The
subject of quantum computing brings together ideas from classical information
theory, computer science, and quantum physics. This document aims to summarize
not just quantum computing, but the whole subject of quantum information theory.
It turns out that information theory and quantum mechanics fit together very well.
In order to explain their relationship, the paper begins with an introduction
to classical information theory .The principles of quantum mechanics are then
outlined. The EPR-Bell correlation
and quantum entanglement in general, form the essential new ingredient, which
distinguishes quantum from classical information theory, and, arguably, quantum
from classical physics. Basic quantum information ideas are described, including
key distribution, teleportation, the universal quantum computer and quantum algorithms.
The common theme of all these ideas is the use of quantum entanglement as a computational
resource.

Experimental methods
for small quantum processors are briefly sketched, concentrating on ion traps,
super conducting cavities, Nuclear magnetic resonance imaging based techniques,
and quantum dots. "Where a calculator on the Eniac is equipped with 18000
vacuum tubes and weighs 30 tons, computers in the future may have only 1000 tubes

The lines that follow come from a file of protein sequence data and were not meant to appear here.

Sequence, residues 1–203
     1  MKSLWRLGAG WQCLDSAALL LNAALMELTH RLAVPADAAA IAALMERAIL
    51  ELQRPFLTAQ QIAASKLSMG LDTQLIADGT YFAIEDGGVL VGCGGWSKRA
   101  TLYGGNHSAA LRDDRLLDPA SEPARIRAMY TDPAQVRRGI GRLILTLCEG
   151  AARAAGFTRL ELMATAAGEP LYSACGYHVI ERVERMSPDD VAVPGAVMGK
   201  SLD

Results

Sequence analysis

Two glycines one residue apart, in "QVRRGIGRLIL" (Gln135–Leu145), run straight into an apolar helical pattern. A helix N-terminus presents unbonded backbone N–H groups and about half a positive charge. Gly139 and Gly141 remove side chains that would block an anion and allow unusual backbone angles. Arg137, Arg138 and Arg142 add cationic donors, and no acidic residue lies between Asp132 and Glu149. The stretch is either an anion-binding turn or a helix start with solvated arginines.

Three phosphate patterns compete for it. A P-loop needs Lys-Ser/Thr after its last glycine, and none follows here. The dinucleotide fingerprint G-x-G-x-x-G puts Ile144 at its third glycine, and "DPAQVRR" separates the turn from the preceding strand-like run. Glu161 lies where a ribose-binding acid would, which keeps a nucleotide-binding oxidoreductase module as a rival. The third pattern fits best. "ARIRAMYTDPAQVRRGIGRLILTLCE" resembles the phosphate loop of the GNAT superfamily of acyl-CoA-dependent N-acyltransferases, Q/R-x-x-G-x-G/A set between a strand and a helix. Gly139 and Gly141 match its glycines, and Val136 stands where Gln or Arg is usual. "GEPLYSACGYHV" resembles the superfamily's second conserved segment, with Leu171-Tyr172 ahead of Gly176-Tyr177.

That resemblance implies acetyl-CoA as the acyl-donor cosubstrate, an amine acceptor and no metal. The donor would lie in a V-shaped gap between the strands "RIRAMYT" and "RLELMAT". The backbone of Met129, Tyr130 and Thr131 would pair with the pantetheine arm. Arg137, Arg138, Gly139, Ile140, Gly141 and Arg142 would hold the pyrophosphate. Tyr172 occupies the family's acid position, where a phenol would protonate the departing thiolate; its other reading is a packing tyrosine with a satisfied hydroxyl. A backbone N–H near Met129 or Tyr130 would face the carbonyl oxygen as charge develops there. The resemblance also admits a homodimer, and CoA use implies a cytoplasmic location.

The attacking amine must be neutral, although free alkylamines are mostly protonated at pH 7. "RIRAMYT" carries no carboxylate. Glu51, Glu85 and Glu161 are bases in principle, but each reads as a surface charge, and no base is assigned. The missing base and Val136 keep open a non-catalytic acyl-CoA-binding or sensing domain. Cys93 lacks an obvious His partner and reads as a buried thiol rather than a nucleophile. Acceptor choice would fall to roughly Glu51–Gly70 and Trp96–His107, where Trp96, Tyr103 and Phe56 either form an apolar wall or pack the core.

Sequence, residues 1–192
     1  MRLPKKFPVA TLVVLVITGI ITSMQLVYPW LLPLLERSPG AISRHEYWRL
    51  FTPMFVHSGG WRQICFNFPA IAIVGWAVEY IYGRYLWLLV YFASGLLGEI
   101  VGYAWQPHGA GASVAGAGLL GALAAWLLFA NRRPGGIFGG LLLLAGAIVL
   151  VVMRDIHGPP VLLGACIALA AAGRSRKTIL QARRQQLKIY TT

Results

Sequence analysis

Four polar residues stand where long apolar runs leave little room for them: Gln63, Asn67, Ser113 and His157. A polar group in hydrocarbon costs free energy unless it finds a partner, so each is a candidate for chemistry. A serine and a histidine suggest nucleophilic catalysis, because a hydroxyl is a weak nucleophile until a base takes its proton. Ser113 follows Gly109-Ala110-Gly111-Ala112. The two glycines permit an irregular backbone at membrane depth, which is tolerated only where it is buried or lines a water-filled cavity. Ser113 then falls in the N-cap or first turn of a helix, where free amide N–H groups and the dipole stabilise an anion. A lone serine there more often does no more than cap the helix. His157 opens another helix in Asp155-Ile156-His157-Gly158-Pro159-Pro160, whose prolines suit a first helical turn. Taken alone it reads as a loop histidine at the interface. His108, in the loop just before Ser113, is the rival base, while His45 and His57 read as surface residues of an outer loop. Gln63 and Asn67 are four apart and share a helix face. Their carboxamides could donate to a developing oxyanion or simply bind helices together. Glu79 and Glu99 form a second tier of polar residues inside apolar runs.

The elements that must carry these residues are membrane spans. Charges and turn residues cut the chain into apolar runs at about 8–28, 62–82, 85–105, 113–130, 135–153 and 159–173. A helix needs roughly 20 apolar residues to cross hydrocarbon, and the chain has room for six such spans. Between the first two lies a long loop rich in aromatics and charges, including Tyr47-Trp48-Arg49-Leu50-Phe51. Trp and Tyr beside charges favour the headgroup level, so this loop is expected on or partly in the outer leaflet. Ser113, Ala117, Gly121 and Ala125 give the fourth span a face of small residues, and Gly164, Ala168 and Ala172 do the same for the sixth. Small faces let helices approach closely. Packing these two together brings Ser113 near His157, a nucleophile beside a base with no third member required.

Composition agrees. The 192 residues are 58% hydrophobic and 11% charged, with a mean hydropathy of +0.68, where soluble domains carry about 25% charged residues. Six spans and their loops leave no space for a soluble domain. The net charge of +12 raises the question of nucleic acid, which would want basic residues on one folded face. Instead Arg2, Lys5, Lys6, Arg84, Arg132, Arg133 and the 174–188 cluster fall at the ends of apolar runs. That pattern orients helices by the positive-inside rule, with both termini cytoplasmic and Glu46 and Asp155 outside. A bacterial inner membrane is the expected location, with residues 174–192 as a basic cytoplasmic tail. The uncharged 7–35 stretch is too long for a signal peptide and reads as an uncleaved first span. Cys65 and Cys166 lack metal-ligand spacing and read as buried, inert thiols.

and weigh only 1 1/2 tons" Popular Mechanics, March 1949.Now,
if this seems like a joke, wait a second. "Tomorrows computer might well
resemble a jug of water" .This for sure is no joke. Quantum computing is
here. What was science fiction two decades back is a reality today and is the
future of computing. The history of computer technology has involved a sequence
of changes from one type of physical realization to another --- from gears to
relays to valves to transistors to integrated circuits and so on. Quantum computing
is the next logical advancement. Today's
advanced lithographic techniques can squeeze fraction of micron wide logic gates
and wires onto the surface of silicon chips. Soon they will yield even smaller
parts and inevitably reach a point where logic gates are so small that they are
made out of only a handful of atoms.